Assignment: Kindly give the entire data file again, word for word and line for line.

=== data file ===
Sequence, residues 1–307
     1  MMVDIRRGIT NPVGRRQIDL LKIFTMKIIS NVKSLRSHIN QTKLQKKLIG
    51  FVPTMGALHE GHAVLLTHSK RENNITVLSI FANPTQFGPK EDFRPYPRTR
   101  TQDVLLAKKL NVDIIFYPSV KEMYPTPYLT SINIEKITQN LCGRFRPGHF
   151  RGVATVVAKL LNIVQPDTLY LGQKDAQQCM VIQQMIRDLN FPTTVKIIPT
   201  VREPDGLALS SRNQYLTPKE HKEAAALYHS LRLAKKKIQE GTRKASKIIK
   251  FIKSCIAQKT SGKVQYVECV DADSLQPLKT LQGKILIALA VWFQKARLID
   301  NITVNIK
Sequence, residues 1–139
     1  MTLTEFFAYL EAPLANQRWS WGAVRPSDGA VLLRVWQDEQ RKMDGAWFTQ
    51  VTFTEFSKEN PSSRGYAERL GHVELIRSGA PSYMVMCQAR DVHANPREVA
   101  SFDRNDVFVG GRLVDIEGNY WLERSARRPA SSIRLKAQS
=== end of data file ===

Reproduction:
Sequence, residues 1–307
     1  MMVDIRRGIT NPVGRRQIDL LKIFTMKIIS NVKSLRSHIN QTKLQKKLIG
    51  FVPTMGALHE GHAVLLTHSK RENNITVLSI FANPTQFGPK EDFRPYPRTR
   101  TQDVLLAKKL NVDIIFYPSV KEMYPTPYLT SINIEKITQN LCGRFRPGHF
   151  RGVATVVAKL LNIVQPDTLY LGQKDAQQCM VIQQMIRDLN FPTTVKIIPT
   201  VREPDGLALS SRNQYLTPKE HKEAAALYHS LRLAKKKIQE GTRKASKIIK
   251  FIKSCIAQKT SGKVQYVECV DADSLQPLKT LQGKILIALA VWFQKARLID
   301  NITVNIK
Sequence, residues 1–139
     1  MTLTEFFAYL EAPLANQRWS WGAVRPSDGA VLLRVWQDEQ RKMDGAWFTQ
    51  VTFTEFSKEN PSSRGYAERL GHVELIRSGA PSYMVMCQAR DVHANPREVA
   101  SFDRNDVFVG GRLVDIEGNY WLERSARRPA SSIRLKAQS